How To Measure the Business Impact of L&D

business impact of training

There’s certainly no shortage of metrics L&D can use to measure training programs. From the number of hours employees spend completing a course to assessment scores, numbers abound and can be tracked accordingly.

While such metrics as course completion rates and pass/fail rates are certainly valuable, learning leaders are increasingly searching for ways to measure the business impact of L&D programs. 

Simply put, how does training affect the bottom line?

While each organization is different, there are certain methodologies that can be put in place to measure the business impact of your training programs.

How do you plan, organize and execute an L&D audit that provides valuable insights and actionable recommendations? Download this free toolkit, which includes templates and checklists, for the planning of your L&D audit.

How to Measure the Business Impact of L&D

Several other teams would need to work closely with L&D to measure the bottom-line impact of training and development programs.

Sales Data and KPIs

Perhaps one of the best ways to measure whether something is working or is not is an increase in revenue. 

An increase in sales does not necessarily signal that salespeople have successfully incorporated sales training into their daily roles. An increase in sales, especially those that are complex and consultative, can also mean that others involved in the sale have improved their performance, or that the company’s product or service delivery has improved, and those improvements, perhaps achieved because employees are doing their jobs better, can be tied to increased revenue for the organization.

Job Performance Metrics

HR can step in and provide L&D with performance metrics for employees before and after training. Each department and role has its own way of measuring employee performance and impact to the organization.

For software engineers, it might be less time needed to push code to production. For customer care representatives, it might mean more tickets responded to or higher ratings left by customers.

For other teams, it might mean fewer expenses incurred, such as less money spent on outside contractors because the newly-trained staff are able to handle additional tasks without needing to hire external resources.

Aligning L&D performance with organization wide KPIs requires a deep dive into what training the business truly needs. Get started with this downloadable training needs analysis template.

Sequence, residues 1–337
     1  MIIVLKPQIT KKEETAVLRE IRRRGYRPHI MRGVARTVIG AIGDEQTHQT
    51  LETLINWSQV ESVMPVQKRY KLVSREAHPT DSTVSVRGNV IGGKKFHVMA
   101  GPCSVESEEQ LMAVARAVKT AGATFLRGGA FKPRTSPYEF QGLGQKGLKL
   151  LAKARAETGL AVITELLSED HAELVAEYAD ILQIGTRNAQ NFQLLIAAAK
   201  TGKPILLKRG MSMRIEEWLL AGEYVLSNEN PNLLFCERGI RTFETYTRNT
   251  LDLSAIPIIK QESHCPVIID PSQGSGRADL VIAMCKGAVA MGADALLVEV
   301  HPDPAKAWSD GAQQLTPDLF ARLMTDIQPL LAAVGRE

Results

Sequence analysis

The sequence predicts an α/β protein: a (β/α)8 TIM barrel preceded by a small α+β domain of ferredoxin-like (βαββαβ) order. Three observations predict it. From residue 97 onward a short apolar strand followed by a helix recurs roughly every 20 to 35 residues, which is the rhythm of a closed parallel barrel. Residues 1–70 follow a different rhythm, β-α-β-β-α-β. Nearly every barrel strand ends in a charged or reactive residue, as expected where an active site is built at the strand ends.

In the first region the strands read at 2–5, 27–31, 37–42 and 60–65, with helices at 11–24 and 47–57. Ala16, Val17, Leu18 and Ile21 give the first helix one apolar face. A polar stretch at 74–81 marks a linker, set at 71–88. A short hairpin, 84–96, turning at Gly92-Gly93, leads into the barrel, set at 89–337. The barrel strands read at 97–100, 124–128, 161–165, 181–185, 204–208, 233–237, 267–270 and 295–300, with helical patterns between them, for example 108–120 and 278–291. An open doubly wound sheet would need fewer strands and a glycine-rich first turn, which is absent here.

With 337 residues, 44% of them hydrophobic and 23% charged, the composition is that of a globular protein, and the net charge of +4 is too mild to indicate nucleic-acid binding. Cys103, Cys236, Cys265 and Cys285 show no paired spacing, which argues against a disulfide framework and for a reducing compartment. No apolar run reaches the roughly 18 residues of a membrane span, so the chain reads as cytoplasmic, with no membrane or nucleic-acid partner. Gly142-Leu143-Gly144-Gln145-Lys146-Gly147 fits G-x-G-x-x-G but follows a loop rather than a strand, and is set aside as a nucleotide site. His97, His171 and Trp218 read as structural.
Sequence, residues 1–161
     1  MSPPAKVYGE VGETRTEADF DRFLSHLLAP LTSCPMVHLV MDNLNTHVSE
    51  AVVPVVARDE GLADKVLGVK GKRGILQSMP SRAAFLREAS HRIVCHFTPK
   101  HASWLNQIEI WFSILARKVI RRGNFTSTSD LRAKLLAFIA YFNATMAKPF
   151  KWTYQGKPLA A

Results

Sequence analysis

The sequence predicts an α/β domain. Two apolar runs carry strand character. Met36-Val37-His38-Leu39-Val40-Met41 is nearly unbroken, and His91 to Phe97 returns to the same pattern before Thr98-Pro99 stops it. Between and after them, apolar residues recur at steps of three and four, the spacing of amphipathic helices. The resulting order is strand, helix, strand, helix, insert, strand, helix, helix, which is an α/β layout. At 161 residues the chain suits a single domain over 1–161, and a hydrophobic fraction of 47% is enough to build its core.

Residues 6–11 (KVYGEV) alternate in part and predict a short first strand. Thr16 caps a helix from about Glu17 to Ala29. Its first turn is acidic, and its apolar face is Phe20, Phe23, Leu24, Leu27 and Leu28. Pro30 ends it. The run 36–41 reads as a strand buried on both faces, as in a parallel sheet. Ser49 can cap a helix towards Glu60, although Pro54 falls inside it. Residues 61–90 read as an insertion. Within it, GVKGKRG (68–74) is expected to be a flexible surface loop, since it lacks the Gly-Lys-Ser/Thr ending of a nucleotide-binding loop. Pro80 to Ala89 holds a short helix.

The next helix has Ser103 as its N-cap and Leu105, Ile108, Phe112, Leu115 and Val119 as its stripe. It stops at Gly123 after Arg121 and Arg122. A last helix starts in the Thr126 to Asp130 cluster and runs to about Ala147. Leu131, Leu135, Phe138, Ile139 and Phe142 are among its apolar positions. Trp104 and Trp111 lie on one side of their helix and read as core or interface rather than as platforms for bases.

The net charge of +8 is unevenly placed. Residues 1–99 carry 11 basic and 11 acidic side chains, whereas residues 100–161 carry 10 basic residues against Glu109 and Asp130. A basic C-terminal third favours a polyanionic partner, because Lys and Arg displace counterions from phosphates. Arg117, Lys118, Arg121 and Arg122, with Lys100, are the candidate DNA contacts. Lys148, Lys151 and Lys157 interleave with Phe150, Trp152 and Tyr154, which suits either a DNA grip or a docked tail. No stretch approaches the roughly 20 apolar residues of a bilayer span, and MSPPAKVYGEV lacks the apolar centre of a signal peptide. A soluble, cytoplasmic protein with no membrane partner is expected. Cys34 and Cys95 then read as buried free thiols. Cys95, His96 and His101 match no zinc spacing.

Reduced Risk

Compliance training is often difficult to measure. Oftentimes it’s a must-have, based on industry requirements.

However, to prove the impact of compliance training, L&D can work with legal, accounting, IT, and other teams to determine whether there is now less risk in the organization because employees have successfully undergone compliance training. There might be fewer legal challenges or fewer fines or fees that the organization has had to pay because proper compliance training has been delivered and implemented. 

Final Words

Attribution is difficult to measure in any business discipline. In order to verify that L&D programs were indeed responsible for the positive results achieved, it’s important to understand what other factors may or may not have helped bring about those results.


For example, even higher sales, cited above as the ultimate metric of success, might be attributed not to better-trained salespeople but rather to additional features added to the company’s products or services.

If other factors can be held constant, then the results of L&D efforts would be clearer for all to see. The “Before” numbers are just as important as the “After” numbers in order to demonstrate tangible impact.

Further, some learning leaders demonstrate to senior leadership the business impact of not implementing L&D. Not only can this be useful to obtain the resources and assets needed to launch much-needed training programs, but learning professionals can also have the “Before” numbers which can help them develop and deliver programs to learners with a sharp eye for the “After.” 

Upskilling and reskilling programs will be essential to maintaining your organization’s competitive advantage in the years ahead. Learn how to get started with your upskilling and reskilling program in this free eBook:
How Upskilling and Reskilling Programs Can Futureproof Your Workforce

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